The hearing officer described the degree in College Student Personnel as a "relatively recent degree field." Sondel's testimony was that if you look back three or four years "you wouldn't even find that title in most colleges and universities," adding that there are "all of these titles of degrees now which did not exist 20 or 30 years ago." He refused to acknowledge, on cross-examination, that it is a more specialized degree than a degree in Education, yet at the same time stated: "College Student Personnel, what is that? I don't even know what the description of that is." McCluskey-Titus, on the other hand, who possessed such a degree, testified that the degree had been available "[s]ince after World War II, mid 1940, 1950's." Under any reasonable view of the evidence, the degree has been available for a considerable period of time; but more importantly, there was no evidence that candidates for the degree are limited to persons under the age of 40. Furthermore, even if the "criteria" enumerated by the hearing officer may be "correlated with age," they are not, for that reason, discriminatory. Hazen Paper Company v. Biggins, 507 U.S. 604, 113 S.Ct. 1701, 123 L.Ed.2d 338 (1993).

Interestingly, at the hearing before the Commission, the chairperson, who voted not to sustain the finding of discrimination, observed that to her personal knowledge the degree had been offered for at least 25 years.

The hearing officer himself suggested at one point in the hearing that many "older" persons embark on "new careers," giving as an example retirees from military service.

Although the hearing officer concluded that the "criteria" used by McCluskey-Titus "were not those developed by the employer on the basis of job related necessities," a reasonable view of the uncontroverted evidence presents a different picture. It is generally true, as McCluskey-Titus acknowledged, that one holding just about any kind of degree could be qualified for the job. She also explained, however, that the job does entail a certain amount of specialized experience and education. She stated:

In fact, there is a program, a Master's program, in College Student Personnel that specially trains people for a career within student affairs, university housing being part of student affairs. There's a good bit of specialized — we have a whole philosophical base in university housing. We consider ourselves integral to the university mission, in that we support the academic mission of the university by providing educational opportunities for students outside the classroom within the residence halls. Some people like to think our position is kind of like house mothers that used to be in residence halls, but it is a specialized profession where people have knowledge and there are specialized skills that are really needed to be in these kinds of positions.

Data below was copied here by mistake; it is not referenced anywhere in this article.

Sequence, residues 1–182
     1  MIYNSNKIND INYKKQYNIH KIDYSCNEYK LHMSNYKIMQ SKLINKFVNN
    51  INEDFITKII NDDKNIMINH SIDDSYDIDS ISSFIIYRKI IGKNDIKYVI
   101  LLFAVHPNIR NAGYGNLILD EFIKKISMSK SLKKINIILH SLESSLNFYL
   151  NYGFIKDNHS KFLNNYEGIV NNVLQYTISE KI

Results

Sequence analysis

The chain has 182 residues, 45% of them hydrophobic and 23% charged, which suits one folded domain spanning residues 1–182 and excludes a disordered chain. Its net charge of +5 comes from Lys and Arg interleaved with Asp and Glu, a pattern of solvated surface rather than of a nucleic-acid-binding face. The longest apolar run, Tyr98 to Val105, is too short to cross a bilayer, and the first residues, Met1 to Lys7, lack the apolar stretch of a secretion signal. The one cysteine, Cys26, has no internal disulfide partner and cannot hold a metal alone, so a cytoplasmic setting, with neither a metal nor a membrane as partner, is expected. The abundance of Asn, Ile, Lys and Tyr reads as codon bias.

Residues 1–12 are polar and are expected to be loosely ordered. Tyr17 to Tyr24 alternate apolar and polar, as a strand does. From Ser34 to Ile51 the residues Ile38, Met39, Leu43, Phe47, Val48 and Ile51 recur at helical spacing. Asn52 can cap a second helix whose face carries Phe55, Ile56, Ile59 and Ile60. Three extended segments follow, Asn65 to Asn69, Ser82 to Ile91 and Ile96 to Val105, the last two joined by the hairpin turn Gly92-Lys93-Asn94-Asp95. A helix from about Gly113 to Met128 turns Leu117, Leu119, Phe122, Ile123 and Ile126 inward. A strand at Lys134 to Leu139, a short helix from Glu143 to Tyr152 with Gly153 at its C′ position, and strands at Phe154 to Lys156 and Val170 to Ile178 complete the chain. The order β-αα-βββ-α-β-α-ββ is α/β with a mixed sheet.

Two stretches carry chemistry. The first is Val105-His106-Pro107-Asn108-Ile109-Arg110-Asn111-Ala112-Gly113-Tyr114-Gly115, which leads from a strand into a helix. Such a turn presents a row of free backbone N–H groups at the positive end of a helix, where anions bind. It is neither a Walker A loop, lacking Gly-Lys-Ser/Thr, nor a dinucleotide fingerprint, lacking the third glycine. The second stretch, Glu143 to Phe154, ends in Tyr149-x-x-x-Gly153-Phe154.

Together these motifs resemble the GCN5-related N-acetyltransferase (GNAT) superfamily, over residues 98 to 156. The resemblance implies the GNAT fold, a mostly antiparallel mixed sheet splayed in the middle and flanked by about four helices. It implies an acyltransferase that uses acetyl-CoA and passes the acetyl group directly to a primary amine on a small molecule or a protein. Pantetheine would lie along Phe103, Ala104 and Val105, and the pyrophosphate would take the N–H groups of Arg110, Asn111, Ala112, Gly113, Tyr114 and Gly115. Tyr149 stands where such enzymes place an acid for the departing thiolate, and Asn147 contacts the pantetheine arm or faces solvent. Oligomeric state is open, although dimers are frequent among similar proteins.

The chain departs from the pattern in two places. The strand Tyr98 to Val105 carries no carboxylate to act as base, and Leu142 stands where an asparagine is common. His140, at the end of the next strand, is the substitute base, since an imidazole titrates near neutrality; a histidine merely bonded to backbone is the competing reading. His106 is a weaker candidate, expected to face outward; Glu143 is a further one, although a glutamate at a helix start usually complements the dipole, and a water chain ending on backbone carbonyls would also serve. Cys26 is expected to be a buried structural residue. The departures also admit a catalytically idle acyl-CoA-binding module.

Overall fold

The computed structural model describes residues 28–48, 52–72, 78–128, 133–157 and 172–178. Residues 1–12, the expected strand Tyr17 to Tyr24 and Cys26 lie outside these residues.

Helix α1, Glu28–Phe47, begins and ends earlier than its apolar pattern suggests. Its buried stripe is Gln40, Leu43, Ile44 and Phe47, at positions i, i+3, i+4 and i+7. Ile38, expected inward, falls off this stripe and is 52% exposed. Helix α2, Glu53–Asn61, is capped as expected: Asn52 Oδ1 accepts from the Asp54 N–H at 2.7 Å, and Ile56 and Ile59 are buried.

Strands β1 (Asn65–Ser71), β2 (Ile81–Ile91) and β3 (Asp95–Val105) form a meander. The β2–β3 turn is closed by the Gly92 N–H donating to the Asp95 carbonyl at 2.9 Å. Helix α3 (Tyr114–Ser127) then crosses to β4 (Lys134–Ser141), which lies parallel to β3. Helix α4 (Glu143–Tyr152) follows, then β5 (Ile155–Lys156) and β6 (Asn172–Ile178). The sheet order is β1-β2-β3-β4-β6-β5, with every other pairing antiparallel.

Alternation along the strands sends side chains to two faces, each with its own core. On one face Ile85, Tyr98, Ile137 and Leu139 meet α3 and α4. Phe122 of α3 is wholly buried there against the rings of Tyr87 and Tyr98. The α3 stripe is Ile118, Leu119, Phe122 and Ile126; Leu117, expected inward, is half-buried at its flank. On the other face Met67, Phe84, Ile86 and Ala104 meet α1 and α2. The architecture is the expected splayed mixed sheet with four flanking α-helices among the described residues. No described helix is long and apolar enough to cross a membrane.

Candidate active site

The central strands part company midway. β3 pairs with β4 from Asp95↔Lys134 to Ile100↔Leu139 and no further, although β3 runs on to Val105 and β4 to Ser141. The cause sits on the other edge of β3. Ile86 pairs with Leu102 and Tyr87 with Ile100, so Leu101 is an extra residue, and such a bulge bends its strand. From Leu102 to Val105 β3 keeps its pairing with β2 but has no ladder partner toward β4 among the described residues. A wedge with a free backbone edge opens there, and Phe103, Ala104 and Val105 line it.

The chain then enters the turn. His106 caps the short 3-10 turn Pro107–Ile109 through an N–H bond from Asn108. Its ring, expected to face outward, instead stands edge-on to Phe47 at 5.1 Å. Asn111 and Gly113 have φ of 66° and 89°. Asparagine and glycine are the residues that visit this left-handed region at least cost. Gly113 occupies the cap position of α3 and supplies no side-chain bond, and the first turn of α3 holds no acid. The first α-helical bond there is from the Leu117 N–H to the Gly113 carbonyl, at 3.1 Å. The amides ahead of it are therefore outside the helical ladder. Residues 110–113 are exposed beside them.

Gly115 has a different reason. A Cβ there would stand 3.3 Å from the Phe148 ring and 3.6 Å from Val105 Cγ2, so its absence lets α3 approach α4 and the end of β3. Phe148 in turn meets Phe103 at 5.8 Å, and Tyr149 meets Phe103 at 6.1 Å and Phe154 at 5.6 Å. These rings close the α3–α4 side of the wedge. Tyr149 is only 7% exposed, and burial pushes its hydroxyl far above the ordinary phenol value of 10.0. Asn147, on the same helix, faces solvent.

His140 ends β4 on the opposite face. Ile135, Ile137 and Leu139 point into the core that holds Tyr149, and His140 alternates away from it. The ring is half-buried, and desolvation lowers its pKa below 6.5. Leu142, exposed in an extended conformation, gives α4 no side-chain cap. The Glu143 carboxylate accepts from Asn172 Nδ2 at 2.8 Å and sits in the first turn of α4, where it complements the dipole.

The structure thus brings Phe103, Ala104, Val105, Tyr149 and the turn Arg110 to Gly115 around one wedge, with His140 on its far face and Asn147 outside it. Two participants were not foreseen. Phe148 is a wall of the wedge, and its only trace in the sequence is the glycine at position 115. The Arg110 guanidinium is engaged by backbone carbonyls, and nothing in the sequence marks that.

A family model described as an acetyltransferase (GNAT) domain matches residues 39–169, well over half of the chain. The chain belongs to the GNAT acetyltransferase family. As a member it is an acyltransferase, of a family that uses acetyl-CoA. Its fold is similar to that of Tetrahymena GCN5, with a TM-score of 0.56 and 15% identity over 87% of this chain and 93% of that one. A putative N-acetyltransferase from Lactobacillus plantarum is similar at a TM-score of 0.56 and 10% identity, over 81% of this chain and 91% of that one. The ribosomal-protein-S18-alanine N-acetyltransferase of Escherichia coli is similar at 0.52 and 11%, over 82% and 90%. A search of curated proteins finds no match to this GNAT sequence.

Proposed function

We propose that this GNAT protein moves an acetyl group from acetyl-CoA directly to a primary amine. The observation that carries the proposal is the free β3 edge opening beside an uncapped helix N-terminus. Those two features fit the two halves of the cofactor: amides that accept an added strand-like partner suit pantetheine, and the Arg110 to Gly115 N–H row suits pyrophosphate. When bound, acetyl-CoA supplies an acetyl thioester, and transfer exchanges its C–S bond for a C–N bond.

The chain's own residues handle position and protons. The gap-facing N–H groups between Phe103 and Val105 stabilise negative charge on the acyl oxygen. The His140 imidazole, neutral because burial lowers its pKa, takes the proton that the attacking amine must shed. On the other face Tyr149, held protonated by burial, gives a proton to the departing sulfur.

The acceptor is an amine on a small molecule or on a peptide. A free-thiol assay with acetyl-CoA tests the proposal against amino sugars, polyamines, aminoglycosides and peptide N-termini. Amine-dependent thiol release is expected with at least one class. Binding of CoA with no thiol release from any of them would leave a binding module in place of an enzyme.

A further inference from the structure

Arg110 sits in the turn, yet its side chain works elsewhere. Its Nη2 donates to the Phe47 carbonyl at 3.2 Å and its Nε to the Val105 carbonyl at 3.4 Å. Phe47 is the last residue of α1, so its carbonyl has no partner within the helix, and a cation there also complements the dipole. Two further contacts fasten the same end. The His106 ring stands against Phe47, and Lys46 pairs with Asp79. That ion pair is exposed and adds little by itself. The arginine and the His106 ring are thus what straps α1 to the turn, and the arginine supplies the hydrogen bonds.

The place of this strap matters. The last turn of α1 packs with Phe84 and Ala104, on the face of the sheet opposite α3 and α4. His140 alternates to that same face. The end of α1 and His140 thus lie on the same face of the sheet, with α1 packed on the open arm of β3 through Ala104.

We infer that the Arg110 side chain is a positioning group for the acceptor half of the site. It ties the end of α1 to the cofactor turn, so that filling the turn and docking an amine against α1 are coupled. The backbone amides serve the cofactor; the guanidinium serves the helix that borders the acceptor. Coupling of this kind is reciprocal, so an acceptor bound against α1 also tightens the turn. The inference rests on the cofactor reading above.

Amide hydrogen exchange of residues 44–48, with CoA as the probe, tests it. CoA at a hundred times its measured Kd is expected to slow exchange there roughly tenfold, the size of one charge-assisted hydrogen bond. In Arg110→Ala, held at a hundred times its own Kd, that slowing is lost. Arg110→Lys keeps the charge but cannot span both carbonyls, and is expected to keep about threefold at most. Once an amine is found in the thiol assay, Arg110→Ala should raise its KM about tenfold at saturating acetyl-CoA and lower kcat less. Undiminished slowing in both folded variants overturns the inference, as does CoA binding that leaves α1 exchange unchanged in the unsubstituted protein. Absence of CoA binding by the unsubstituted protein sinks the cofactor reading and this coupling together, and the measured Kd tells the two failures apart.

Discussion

It appears self-evident that possession of a college degree designed to train a person for a career in college student affairs and personnel is related to the possibility of that person's success in the position described by McCluskey-Titus, wholly aside from a person's ability to perform the job without such a degree.

On the issue of "job relatedness," see Washington v. Davis, 96 S.Ct. At 2052, as quoted in Watson, 108 S.Ct. at 2791.

"We note also the hearing officer's finding that McCluskey- Titus admitted that FSU did not have any mid-level career positions into which to promote these young people, and that this resulted in a high turnover of the employees who were hired in entry-level positions." It is difficult to understand the relevance of this finding to any of the issues presented. McCluskey-Titus testified that people who are interested in a career in student affairs will start their careers many times in residence halls, and that they will advance through the career ladder to the position of Dean of Students, or Vice President for Student Affairs. Her testimony was that the while the position is a "training program" for professionals, there is no "second-step" for them at FSU "within university housing."

The hearing officer's questions and comments at the hearing indicate his general dissatisfaction with FSU's practice of advertising a job opening based upon the minimum qualifications for the job, while allowing the actual hiring decision to be based upon more specific and preferred qualifications and experience considered relevant to the selectee's ability to carry out the university's mission. While we accept the premise that the employer's actions in this regard are not immune to challenge under the disparate impact theory, see Watson v. Fort Worth Bank and Trust, discussed at length above, we conclude that the Commission's order finding FSU guilty of unlawful discrimination is clearly erroneous and cannot be sustained on this record.

We note, in passing, that both the recommended order and the final order ambiguously command the university to "cease and desist" its "discriminatory practices," without identifying the specific practices enjoined.

As earlier noted, in view of our decision to reverse the order on appeal, we find it unnecessary to address the issues on cross-appeal.

The order on appeal is REVERSED.


Summaries of

Florida State University v. Sondel

District Court of Appeal of Florida, First District
Dec 17, 1996
685 So. 2d 923 (Fla. Dist. Ct. App. 1996)
Case details for

Florida State University v. Sondel

Case Details


Court:District Court of Appeal of Florida, First District

Date published: Dec 17, 1996


685 So. 2d 923 (Fla. Dist. Ct. App. 1996)